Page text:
Peter Norman running around West Brunswick

Posted on - Latest News, Featured, Division 2 Men's, West Brunswick

Nick Armistead

Imagine having the Australian 200m sprint record holder running around for your club.

Well, that is exactly what happened to West Brunswick when Mexico City silver medallist Peter Norman decided to pull on the boots in the early 70’s.

Norman, who is arguably better-known for his role in the Black Power Salute alongside Tommie Smith and John Carlos during the 1968 medal presentation, wanted to maintain his fitness over the winter months and initially joined the Westies as boundary umpire. His athletics coach, Neville Silitoe, trained West Brunswick players over the off-season so it seemed fitting to encourage his athletes to join the football club over their winter break.

When Norman was famously not selected for the 1972 Munich Games, he decided to give up running the boundary and instead focused on playing the game.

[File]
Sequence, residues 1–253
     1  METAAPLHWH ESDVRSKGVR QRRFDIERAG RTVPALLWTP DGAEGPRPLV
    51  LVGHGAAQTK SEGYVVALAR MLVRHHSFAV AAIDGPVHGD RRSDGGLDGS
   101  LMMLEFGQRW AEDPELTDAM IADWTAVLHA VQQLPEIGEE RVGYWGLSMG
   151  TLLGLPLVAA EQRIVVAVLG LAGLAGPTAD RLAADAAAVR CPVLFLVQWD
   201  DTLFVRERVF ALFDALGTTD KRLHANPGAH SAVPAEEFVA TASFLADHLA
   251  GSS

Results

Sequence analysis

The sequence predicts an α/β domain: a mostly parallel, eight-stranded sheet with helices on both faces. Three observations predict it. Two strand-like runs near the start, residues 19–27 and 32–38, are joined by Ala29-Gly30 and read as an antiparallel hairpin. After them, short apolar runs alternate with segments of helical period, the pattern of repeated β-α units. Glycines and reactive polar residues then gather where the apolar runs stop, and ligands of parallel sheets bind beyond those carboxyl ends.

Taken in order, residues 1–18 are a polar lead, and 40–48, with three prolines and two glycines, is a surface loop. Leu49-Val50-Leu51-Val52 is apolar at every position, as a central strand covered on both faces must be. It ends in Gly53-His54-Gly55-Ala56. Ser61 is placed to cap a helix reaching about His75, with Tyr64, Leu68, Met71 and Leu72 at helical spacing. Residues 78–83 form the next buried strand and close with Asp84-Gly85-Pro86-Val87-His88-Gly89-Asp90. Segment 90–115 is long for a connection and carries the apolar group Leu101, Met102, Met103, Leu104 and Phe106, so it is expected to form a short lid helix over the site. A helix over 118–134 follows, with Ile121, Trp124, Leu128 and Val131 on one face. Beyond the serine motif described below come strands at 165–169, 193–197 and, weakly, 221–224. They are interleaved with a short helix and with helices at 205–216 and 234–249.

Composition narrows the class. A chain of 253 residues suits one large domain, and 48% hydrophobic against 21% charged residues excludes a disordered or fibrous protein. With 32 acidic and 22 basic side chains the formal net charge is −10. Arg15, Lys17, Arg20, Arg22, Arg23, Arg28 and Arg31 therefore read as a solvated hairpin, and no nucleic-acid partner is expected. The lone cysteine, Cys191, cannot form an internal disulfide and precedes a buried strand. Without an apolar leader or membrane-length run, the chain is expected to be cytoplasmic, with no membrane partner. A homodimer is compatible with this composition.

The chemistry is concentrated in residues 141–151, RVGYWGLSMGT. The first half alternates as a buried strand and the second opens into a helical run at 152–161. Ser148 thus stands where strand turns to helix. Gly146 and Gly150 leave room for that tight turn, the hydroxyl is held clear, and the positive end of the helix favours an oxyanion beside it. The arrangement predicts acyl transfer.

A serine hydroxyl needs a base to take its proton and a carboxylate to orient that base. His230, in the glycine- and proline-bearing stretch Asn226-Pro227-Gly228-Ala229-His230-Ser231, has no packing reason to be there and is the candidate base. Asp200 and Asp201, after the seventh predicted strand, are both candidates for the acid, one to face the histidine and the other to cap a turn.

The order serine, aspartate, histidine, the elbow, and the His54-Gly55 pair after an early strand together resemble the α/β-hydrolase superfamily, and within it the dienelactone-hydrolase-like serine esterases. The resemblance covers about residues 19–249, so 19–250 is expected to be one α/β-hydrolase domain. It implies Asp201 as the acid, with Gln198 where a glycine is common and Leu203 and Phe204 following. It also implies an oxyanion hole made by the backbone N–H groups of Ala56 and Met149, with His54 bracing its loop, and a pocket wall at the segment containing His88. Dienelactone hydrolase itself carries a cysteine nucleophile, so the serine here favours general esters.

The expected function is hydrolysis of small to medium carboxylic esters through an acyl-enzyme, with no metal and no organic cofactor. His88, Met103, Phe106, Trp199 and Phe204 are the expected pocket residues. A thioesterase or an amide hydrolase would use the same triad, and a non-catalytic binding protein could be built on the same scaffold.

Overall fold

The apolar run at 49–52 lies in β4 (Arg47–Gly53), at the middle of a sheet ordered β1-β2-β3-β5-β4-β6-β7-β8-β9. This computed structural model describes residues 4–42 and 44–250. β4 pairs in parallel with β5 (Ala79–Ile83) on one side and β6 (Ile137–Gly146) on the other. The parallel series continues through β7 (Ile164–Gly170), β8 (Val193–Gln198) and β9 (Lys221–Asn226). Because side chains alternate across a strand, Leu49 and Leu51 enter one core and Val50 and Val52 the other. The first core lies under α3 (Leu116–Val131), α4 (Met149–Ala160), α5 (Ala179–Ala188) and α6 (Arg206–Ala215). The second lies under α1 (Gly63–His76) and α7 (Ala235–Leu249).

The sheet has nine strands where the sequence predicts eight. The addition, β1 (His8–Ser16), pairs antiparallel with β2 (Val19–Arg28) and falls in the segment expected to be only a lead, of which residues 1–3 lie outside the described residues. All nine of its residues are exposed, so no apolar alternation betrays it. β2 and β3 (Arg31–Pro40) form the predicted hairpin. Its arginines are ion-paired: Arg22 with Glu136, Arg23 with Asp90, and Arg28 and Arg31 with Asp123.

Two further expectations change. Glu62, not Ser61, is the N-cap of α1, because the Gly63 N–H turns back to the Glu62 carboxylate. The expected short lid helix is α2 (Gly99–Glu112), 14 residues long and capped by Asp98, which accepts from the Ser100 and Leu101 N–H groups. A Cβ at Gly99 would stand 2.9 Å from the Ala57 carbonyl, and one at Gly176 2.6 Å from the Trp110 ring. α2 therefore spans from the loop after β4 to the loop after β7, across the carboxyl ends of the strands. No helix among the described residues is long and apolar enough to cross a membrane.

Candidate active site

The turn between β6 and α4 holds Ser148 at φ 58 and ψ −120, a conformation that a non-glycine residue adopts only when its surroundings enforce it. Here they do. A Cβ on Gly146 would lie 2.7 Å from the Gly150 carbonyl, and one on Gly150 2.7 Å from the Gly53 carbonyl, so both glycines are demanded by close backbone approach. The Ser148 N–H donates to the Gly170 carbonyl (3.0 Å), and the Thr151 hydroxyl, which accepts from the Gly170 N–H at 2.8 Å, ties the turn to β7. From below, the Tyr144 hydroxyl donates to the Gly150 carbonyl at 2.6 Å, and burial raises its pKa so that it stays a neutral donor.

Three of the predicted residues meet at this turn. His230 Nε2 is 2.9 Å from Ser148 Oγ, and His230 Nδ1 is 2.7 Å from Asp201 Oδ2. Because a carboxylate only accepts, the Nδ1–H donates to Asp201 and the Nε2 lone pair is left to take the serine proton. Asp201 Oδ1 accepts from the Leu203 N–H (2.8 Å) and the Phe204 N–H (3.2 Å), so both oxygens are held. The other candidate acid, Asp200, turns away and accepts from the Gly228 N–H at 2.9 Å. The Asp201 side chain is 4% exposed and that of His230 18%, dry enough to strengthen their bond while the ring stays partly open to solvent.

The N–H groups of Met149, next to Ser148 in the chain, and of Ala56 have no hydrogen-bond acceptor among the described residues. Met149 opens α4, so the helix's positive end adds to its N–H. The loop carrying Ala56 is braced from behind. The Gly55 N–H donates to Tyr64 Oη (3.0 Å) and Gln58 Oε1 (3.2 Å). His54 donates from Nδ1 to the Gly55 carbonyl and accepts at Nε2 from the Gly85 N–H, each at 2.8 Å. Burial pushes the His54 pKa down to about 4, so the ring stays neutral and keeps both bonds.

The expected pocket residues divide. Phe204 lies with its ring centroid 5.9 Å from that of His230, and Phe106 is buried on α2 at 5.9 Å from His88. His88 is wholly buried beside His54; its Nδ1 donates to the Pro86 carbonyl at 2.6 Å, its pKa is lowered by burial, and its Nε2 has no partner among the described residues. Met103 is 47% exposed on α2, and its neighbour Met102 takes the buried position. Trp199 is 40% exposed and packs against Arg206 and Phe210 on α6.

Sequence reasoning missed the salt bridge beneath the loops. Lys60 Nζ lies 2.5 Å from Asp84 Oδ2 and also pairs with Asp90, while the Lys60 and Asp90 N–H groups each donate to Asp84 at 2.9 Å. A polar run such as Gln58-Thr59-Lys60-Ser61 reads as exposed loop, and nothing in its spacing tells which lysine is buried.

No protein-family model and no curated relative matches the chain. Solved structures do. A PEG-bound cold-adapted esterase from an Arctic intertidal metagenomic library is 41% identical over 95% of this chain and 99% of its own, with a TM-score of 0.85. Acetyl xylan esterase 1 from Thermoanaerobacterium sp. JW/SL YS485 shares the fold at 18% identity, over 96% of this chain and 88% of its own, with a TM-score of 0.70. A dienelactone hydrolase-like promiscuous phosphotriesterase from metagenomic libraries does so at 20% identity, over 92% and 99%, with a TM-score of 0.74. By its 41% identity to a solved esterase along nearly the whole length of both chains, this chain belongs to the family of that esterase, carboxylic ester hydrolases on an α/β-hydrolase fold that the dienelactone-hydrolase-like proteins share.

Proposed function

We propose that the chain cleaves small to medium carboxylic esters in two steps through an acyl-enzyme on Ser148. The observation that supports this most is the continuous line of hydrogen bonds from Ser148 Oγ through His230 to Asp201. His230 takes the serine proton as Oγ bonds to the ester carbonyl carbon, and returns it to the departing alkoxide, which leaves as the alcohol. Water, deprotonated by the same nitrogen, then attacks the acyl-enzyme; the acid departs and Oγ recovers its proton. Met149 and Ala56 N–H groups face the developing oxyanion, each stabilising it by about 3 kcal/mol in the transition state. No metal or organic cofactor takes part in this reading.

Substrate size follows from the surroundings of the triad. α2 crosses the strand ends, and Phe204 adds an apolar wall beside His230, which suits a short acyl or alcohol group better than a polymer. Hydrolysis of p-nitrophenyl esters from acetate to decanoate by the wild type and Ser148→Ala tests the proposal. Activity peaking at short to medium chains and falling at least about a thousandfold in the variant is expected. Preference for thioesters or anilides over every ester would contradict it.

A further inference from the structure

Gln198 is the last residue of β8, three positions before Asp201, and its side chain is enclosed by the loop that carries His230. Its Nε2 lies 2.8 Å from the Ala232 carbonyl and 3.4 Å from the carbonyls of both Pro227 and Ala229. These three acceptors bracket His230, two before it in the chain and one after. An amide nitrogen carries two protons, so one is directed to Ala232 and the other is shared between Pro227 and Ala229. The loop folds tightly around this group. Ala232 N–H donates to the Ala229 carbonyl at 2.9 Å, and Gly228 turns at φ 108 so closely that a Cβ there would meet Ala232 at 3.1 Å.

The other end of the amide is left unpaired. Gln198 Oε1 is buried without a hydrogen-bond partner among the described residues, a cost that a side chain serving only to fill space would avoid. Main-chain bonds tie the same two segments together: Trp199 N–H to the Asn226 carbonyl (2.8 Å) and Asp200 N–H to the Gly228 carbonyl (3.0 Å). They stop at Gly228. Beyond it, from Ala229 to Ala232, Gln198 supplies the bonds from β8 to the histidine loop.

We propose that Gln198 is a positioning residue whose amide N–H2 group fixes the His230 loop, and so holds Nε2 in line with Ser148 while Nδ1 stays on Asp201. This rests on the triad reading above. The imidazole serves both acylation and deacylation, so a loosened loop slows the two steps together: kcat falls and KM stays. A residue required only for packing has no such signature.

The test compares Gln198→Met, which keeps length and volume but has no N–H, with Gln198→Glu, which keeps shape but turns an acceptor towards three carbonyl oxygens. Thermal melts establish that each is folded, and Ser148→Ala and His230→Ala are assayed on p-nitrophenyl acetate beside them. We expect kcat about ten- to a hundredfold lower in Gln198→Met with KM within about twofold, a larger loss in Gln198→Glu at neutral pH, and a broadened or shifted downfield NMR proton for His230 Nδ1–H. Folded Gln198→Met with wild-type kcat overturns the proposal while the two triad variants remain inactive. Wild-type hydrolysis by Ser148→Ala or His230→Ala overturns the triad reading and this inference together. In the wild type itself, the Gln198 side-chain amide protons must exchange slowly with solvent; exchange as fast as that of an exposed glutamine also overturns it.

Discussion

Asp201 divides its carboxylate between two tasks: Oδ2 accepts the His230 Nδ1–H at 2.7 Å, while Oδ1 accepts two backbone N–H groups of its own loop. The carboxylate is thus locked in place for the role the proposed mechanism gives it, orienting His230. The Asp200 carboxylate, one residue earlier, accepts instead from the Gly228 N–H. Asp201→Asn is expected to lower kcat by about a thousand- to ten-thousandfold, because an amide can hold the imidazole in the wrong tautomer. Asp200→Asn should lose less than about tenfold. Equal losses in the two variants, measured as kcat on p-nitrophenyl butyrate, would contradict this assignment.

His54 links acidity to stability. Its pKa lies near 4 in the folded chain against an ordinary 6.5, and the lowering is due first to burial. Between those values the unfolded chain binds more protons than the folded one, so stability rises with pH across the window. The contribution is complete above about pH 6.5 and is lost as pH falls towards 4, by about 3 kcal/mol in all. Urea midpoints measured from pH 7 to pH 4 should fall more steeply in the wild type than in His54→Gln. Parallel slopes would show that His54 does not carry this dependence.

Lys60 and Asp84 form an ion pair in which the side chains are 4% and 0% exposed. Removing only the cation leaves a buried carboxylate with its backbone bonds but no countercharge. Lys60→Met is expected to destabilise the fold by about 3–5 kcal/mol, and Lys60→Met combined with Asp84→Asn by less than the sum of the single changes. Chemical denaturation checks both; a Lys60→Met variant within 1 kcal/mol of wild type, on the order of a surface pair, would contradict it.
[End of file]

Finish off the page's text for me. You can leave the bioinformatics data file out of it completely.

Former teammate and club stalwart, Stephen ‘Ocker’ Fyffe, spoke glowingly of Norman during his West Brunswick days but jokingly admitted he wasn’t the most talented player.

“He was a great personality, larger than life, but he wasn’t such a good footballer,” Fyffe told the VAFA ‘Clubs in Focus’ Podcast.

“He’d get on the field and obviously the opposition players said, ‘oh hang on I know that bloke he’s that fast athlete’.

“There were a few guys who foolishly would get the ball, recognise that Peter was on the field and do things like have a bounce or try and run that two or three bounces down the ground as a test of their speed.

“Peter would look at them and say ‘Ocker, if that guy does that again, I’m gonna kill him’.

“So inevitably the characters would take him on and Peter, like the great gentleman that he was, he would chase them down and say, ‘alright got ya, ya bastard’ and gave them a very solid backhand.”

Norman played 57 games at West Brunswick and later coached the U19’s.

The full West Brunswick ‘Clubs in Focus’ Podcast will be released by VAFA Media tomorrow with an in-depth look at the club’s history and guest interviews with Fyffe, Ben Sexton, Beth Cooke, Polly Fletcher and Nick Mitchell.